Busby lab, Oct 2018




Devin Leopold is a community ecologist who currently studies the ecological and evolutionary processes that affect the assembly and function of plant-associated microbial communities. His PhD research with Tadashi Fukami at Stanford University focused on fungi associated with the roots of a single ericaceous plant across a 4.1 million year soil chronosequence in the Hawaiian Islands. Using a combination of field surveys and laboratory experiments, he investigated how soil substrate age and shared evolutionary history affect the composition and structure of fungi co-occurring within a root system. As a postdoctoral research in the Busby Lab, Devin will be studying endophyte-pathogen interactions and the role of host genetics as a driver of fungal community assembly in the Populus Trichocarpa leaf microbiome.




Lucas Nebert is a USDA NIFA Postdoctoral Fellow working to identify endophytes that can be used to enhance drought tolerance in dry farmed crops (beans, corn, squash, tomatoes) in the Pacific Northwest. His research is co-advised by Amy Garrett of the OSU Dry Farming Collaborative. Lucas’ PhD research in the Bohannan lab at the University of Oregon focused on characterizing the structure and function of the corn seed microbiome.





Maggie Wagner is a plant biologist and NSF Postdoctoral Fellow working on interactions between plant genes, microbiome composition, and disease resistance in maize breeding populations (a collaborative project with Peter Balint-Kurti). As a Ph.D. student in the lab of Tom Mitchell-Olds at Duke University, she studied the evolutionary ecology of complex trait plasticity and host genetic control over leaf and root microbiomes in the wild perennial mustard Boechera stricta.





nataliephotoNatalie Christian is a community ecologist and USDA NIFA Postdoctoral Fellow (co-advised by Katy Heath, University of Illinois) currently investigating how interactions between aboveground and belowground plant symbionts affect host productivity and pathogen defense. Natalie received her PhD in 2017 from Keith Clay’s lab at Indiana University, where she studied the assembly and function of foliar endophytic fungal communities.






Graduate students

edphotoEd Barge has broad interests in fungal evolution, ecology, systematics, biogeography, and plant pathology. His Master’s research at Montana State University under Dr. Cathy Cripps focused on filling some gaps in this knowledge through an investigation of systematics, biogeography and ecology of arctic-alpine members of the ectomycorrhizal genus Lactarius. His Ph.D. research in the Busby lab will focus on studying the evolution and ecology of plant-fungal interactions in the Populus trichocarpa system. He uses molecular techniques to explore foliar fungal community ecology, population genomics/phylogenomics, and plant-pathogen-endophyte interactions. This research will lead to a better understanding of the evolutionary and ecological roles fungi play in forest and agricultural ecosystems.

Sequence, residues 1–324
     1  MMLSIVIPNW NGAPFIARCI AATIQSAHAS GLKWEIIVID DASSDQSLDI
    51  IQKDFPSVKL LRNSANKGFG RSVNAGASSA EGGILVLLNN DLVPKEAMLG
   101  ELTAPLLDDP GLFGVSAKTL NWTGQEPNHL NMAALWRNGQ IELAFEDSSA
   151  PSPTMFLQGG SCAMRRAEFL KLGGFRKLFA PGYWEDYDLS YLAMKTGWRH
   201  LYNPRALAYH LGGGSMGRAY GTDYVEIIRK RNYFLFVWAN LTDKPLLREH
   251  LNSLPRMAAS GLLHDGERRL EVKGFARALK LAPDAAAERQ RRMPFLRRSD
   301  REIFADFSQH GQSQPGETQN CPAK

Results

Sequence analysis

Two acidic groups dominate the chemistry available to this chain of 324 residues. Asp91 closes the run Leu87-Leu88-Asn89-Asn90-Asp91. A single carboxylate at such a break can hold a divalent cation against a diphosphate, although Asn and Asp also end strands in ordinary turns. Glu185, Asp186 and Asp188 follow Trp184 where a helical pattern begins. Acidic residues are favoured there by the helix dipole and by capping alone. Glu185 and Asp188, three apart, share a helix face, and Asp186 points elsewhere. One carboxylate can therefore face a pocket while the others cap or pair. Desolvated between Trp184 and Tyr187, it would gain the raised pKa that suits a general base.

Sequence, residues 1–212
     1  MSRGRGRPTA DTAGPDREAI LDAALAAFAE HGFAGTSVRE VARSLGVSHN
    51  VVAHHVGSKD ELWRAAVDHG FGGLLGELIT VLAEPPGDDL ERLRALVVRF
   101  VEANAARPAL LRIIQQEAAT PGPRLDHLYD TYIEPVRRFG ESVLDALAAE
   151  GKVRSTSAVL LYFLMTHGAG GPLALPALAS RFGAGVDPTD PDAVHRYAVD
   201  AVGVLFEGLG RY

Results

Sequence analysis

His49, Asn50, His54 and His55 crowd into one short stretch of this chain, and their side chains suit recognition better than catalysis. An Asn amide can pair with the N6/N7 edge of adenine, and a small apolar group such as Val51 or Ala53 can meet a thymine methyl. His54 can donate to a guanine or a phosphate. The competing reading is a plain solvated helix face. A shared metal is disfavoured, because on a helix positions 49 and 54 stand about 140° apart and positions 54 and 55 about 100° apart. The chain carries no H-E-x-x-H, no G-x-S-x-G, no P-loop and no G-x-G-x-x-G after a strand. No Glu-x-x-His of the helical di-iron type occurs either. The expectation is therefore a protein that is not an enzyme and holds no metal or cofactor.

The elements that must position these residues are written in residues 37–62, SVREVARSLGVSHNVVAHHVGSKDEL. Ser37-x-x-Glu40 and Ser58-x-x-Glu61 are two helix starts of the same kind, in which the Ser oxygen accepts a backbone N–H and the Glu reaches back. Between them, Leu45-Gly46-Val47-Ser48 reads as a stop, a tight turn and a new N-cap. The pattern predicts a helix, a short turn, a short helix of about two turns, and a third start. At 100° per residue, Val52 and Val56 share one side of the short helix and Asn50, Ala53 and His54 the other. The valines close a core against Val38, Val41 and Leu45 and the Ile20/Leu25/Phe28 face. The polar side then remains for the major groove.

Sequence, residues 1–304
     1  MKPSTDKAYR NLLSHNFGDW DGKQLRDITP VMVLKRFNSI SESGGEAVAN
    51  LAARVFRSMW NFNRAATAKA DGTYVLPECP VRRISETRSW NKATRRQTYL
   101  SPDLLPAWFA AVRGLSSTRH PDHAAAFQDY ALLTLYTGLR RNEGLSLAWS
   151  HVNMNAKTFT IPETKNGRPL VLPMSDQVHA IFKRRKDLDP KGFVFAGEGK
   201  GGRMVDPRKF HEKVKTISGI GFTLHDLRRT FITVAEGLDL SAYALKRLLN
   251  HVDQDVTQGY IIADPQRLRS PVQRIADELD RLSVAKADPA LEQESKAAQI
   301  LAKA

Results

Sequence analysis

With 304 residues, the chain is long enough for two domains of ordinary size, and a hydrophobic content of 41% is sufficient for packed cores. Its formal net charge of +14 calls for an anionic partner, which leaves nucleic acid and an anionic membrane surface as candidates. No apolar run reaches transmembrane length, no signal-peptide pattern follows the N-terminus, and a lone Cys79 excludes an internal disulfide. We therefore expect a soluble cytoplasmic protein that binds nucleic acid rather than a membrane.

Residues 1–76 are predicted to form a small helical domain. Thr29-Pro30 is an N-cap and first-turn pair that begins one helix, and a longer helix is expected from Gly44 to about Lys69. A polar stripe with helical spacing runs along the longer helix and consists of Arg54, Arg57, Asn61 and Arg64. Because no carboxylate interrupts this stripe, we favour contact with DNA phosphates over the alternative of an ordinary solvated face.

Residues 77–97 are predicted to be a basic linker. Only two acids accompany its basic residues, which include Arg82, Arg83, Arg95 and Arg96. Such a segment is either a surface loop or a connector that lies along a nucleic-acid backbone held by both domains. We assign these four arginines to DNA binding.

Kyle Gervers Profile Pic

Kyle Gervers is a PhD student working with Posy and Joey Spatafora on fungal symbionts of Pseudotsuga menziesii, Douglas fir. He is using a variety of molecular and analytical approaches to describe genetic and ecological factors that contribute to the maintenance of symbioses and fungal community structure across the range of Douglas fir. Kyle studied the systematics and biogeography of Jatropha as an undergraduate at the University of Texas at Austin.




Kayla Delventhal is a Botany and Plant Pathology Master’s student working with Ken Frost and Posy Busby. She is broadly interested in sustainable agriculture, the role of plant microbial communities in plant health, and plant disease prevention. Kayla studied Ecology and Evolutionary Biology at the University of Connecticut for her undergraduate degree and conducted research on animal behavior. Her research at OSU will be focused on the soil microbiome in the potato system, and more specifically, microbial recruitment in the rhizosphere and its potential impact on disease development.




Undergraduate students

Gillian Bergmann is an OSU Honors College student studying bioresources and sustainable ecosystems. Her research characterizes fungal seed endophytes of Pseudotsuga menziesii, focusing on their role in abiotic stress tolerance.

Sabrina Heitmann is a senior Organismal Biology and Ecology major at Colorado College. She is working to characterize the structure and function of seed endophytes in P. trichocarpa.


shikharShikhar Hatwal is an OSU Honors College student studying bioresources. For his thesis research he is investigating seed endophyte-pathogen interactions in Pseudotsuga menziesii.

screenshot (2) (1)Mrinal Thapliyal is a junior in the Honors College. He is majoring in Biology with a Pre-Medicine option. He is broadly interested in the role endophytes play in the tolerance of various stressors in plants.

Former members


Shawn Brown, Assistant Professor, University of Memphis